[TIP] how to test "impossible" events

Andrew Dalke dalke at dalkescientific.com
Mon Sep 29 13:18:23 PDT 2008

I've been developing some code for one of my clients.  I'm
going through the code, cleaning things up, removing dead
code, writing comments, etc.  My test suite is pretty minimal,
and I've been trying to think of how to make it better.

The code merges data from two web services and one command-line
program then uses Excel through COM to generate a spreadsheet
report.  Already you can see that there are few parts that
work in isolation.

Based on experience, external programs can fail in all sorts
of fun and exciting ways, and it's best to check for failures
that don't occur (or haven't yet occurred) in real life but
which I've seen fail in other cases.

For examples, I check that the HTTP headers have the right
content-type, that the response body contains the expected
structure, that the number of fields in the response matches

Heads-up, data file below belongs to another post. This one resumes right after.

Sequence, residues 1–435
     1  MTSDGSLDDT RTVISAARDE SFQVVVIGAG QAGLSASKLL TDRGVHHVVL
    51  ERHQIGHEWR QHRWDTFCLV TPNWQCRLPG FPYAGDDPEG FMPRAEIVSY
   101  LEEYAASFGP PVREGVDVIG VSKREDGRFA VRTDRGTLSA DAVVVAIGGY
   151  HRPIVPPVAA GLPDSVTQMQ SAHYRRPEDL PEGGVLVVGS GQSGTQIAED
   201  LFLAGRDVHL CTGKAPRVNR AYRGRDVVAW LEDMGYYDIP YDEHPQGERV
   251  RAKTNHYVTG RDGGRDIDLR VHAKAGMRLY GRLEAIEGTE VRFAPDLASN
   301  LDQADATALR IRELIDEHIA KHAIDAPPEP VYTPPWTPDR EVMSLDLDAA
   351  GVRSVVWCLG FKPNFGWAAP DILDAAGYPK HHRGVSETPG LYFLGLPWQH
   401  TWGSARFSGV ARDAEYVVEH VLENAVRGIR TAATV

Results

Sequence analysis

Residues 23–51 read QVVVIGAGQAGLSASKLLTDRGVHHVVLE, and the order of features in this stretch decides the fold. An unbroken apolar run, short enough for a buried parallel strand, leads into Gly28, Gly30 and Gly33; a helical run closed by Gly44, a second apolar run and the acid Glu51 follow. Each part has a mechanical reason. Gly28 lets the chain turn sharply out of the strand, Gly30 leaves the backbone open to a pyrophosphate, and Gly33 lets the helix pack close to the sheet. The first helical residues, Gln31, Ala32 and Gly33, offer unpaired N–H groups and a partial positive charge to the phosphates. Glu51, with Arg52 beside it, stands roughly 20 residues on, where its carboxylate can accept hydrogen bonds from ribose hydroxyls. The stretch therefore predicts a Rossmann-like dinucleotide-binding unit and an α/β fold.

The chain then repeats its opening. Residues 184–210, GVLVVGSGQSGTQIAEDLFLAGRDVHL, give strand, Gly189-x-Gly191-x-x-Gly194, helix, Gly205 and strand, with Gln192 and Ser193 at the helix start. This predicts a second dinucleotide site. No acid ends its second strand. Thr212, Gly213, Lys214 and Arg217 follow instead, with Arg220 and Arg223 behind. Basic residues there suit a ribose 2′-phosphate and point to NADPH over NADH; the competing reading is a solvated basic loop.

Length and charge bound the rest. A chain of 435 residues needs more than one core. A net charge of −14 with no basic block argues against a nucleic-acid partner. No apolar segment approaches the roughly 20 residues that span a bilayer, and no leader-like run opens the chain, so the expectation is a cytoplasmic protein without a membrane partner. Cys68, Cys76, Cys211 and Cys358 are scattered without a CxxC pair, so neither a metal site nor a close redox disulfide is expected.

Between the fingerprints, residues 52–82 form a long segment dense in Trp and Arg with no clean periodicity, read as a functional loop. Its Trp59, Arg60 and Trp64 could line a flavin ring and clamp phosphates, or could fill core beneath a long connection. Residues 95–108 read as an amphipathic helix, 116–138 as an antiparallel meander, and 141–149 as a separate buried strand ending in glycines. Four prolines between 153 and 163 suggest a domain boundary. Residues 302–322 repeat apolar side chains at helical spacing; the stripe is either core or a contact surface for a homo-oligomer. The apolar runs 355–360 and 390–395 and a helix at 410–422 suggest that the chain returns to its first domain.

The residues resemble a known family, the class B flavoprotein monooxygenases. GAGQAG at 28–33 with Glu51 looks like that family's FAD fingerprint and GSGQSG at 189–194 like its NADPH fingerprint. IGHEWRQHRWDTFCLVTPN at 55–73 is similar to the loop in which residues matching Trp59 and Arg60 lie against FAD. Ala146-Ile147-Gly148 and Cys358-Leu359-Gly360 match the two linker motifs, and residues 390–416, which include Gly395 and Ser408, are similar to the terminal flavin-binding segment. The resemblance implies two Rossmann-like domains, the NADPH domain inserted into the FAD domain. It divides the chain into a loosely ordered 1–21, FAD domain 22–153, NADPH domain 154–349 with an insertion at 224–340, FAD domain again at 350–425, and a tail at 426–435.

the number of fields I requested, etc.  For the command-line
program I check that it exits without an error code, and
I might add code to check that it sends nothing to stderr.

None of these paranoia checks fail against real-world data.
They are checking for some hypothetical future-world breakdown.

Does this count as YAGNI?

Worse yet, automated testing those paths has proved hard.  Manual
testing is easy, because I have code like this:

   if http_response_code != 200:
     raise TypeError("unexpected response code %r" %  

and I can stick in

    http_response_code = 200

to make sure that the string gets interpolated correctly and
that the correct exception gets raised.  Once that happens,
I delete the code and don't touch the if-branch again.

Automated testing though - do I make a mock layer for urllib
and for subprocess.Popen?

When I've tried that approach I've found that it takes a lot
of time to write, especially as the actual Python code I'm
testing is only a few dozen lines, and because I'll have to
hand-write those failure cases.

				dalke at dalkescientific.com

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